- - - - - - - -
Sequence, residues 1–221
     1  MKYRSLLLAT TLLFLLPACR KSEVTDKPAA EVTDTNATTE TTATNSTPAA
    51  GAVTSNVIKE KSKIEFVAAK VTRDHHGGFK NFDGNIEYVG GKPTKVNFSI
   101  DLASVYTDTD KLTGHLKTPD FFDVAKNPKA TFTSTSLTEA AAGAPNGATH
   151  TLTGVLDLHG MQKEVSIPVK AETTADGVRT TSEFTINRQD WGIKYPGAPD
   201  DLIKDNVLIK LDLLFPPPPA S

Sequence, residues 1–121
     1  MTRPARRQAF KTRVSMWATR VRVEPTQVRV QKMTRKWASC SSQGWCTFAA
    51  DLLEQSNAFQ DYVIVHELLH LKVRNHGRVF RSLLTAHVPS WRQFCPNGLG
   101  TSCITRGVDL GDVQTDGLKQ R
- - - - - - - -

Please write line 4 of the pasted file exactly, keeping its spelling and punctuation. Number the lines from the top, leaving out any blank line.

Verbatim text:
   101  DLASVYTDTD KLTGHLKTPD FFDVAKNPKA TFTSTSLTEA AAGAPNGATH